California Court Case Management System

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The California Court Case Management System (CCMS) is the court case management system intended for use by the several courts of the judiciary of California, which includes the Supreme Court, 6 Courts of Appeal, and 58 Superior Courts.

Fees[edit]

Pursuant to California Rule of Court 2.506 and Government Code Section 68150(h), courts may impose fees for the costs of providing access to its electronic records.

Several superior courts do so, including Alameda, Los Angeles, Riverside, Sacramento, and San Diego, and the fees have been criticized by Thomas Peele as exorbitant and extraordinarily high, with the Alameda County Superior Court fees being the subject of a MoveOn.org petition.[1][2]

Implementation[edit]

Five Superior Courts—in Orange, Sacramento, San Diego, San Joaquin, and Ventura Counties—use CCMS version 3 to process civil cases; this represents approximately 25 percent of the civil case volume in California.[3] Fresno is the only Superior Court still using version 2 of CCMS. In August 2013, the Judicial Council approved funding for a system that will replace CCMS version 2 in Fresno.[4]

History[edit]

In 2002, the California Administrative Office of the Courts (AOC) started the Second-Generation Electronic Filing Specification (2GEFS) project.[5]

After a $200,000 consultant's report declared the project ready for a final push, the Judicial Council of California scrapped the program in 2012 after $500 million in costs.[6]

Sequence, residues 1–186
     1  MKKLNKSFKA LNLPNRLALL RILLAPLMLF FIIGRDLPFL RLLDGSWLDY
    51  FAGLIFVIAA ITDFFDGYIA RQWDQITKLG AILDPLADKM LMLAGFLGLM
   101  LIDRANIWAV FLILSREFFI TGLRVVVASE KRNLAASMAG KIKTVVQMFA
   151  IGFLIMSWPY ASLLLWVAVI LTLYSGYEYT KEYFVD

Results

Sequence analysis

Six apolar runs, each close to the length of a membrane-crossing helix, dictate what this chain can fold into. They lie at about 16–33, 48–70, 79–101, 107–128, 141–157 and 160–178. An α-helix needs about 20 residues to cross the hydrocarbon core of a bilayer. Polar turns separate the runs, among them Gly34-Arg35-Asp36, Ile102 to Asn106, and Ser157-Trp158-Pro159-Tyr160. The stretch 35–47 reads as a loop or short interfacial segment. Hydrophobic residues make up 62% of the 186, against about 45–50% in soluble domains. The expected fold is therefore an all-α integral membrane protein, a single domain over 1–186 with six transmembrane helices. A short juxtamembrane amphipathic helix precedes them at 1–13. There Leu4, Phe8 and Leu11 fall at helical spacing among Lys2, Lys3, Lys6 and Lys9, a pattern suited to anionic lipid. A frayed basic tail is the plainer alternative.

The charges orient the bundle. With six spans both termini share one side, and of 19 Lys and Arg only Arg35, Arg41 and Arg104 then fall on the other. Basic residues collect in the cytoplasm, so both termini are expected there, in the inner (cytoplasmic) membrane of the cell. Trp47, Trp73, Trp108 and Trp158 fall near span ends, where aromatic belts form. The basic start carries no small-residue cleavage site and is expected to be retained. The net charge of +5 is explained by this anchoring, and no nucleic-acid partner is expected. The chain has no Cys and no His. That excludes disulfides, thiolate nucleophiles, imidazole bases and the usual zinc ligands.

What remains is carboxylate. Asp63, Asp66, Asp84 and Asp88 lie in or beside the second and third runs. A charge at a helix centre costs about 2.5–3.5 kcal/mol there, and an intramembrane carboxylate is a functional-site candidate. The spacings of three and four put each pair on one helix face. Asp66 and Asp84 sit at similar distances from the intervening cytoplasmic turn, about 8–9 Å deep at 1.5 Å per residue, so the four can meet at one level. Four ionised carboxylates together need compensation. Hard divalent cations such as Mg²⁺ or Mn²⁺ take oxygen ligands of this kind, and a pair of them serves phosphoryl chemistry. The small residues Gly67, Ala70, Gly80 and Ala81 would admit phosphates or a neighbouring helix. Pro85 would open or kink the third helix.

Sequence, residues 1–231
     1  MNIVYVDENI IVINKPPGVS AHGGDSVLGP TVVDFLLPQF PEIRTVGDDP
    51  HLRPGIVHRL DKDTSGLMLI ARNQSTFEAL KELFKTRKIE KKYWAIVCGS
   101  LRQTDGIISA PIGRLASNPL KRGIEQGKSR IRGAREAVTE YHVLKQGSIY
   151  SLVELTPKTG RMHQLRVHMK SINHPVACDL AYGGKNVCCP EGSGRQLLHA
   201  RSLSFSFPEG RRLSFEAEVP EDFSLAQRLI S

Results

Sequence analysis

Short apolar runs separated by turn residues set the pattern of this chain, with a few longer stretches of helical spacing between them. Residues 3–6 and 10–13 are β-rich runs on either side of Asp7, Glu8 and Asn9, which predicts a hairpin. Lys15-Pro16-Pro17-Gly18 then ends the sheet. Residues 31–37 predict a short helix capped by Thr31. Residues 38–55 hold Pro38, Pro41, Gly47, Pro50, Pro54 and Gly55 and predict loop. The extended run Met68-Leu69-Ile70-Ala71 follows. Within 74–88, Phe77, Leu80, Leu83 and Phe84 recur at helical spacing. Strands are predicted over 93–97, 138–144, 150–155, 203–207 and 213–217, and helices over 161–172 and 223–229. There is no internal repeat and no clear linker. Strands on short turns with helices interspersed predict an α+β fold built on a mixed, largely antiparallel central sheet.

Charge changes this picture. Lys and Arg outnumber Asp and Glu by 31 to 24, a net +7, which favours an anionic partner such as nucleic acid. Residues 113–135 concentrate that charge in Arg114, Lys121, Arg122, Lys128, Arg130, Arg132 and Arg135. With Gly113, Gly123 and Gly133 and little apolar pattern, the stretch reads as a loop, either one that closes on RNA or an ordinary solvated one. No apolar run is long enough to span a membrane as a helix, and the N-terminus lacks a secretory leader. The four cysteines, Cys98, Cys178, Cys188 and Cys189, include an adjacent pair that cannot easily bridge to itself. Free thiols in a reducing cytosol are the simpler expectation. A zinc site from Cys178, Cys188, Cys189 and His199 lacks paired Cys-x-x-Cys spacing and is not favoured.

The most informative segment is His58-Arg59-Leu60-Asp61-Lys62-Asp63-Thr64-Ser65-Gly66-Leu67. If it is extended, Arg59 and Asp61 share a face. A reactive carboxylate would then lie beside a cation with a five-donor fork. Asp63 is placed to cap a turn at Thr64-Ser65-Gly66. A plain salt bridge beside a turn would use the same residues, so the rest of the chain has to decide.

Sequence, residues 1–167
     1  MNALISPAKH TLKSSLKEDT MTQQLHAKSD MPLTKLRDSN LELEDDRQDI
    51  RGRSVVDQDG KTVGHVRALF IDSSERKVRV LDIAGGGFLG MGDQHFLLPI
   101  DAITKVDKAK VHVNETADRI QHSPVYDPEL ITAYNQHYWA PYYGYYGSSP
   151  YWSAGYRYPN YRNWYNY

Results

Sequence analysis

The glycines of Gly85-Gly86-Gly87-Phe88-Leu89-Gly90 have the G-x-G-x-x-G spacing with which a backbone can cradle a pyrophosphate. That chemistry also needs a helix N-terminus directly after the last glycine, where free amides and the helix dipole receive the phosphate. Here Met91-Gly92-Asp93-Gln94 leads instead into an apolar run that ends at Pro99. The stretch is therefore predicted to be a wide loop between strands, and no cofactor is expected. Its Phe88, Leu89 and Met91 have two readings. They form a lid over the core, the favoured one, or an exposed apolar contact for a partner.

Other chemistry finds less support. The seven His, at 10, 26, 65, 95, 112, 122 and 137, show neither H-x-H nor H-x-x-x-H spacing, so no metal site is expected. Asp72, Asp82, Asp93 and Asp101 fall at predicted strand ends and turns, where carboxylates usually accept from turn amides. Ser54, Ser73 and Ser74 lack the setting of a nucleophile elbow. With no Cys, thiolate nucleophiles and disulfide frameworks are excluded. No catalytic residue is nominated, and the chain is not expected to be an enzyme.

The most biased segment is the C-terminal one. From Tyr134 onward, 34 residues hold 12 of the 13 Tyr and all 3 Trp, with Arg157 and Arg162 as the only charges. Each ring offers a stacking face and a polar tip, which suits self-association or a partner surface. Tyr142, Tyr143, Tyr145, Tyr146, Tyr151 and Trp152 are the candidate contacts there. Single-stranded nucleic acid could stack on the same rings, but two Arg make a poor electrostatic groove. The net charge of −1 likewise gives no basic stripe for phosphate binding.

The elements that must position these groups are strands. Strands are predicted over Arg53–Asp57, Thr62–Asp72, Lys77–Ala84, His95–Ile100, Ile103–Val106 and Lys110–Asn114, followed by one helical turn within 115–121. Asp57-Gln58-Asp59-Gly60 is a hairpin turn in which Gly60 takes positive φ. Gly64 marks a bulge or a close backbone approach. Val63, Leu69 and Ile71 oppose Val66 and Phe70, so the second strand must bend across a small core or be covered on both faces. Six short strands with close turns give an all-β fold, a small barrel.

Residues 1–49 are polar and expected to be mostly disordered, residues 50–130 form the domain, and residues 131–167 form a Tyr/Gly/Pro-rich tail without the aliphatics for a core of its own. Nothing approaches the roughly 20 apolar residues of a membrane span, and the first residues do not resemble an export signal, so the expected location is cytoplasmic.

Technical[edit]

The 2GEFS Court Filing 2.0 specification was based on experiences with the Legal XML Court Filing 1.0 (before it became OASIS Legal XML).[7]

Related[edit]

On 10 December 2012 it was announced that the San Luis Obispo County Superior Court would use the Odyssey® court case management system from Tyler Technologies.[8]

See also[edit]

References[edit]

  1. ^ Peele, Thomas (25 July 2014). "Thomas Peele: Alameda Superior Court fees block public access". Contra Costa Times.
  2. ^ "Ask the Alameda County Superior Court to Reduce its Exorbitant Online Search Costs". MoveOn.org. Missing or empty |url= (help)
  3. ^ "Fact Check: Whatever Happened to CCMS". California Courts website. Archived from the original on 2014-04-15. Retrieved 2014-04-10.
  4. ^ "Council Allocates $92 Million of Trial Court Special Funds". California Courts website. 23 August 2013.
  5. ^ Beard, Jim (1 June 2004). "An Open-Source System for Electronic Court Filing". Linux Journal.
  6. ^ Krigsman, Michael (2 April 2012). "California abandons $2 billion court management system". ZDNet. Retrieved 17 December 2012.
  7. ^ Vincent III, Winchel (16 November 2004). "2GEFS Lessons Learned Document" (PDF). xmlLegal. Archived from the original (PDF) on 2013-08-27. Retrieved 2013-08-25.
  8. ^ "Superior Court of California, County of San Luis Obispo, Selects Tyler Technologies' Odyssey® Integrated Court Management System". Business Wire. 10 December 2012.

External links[edit]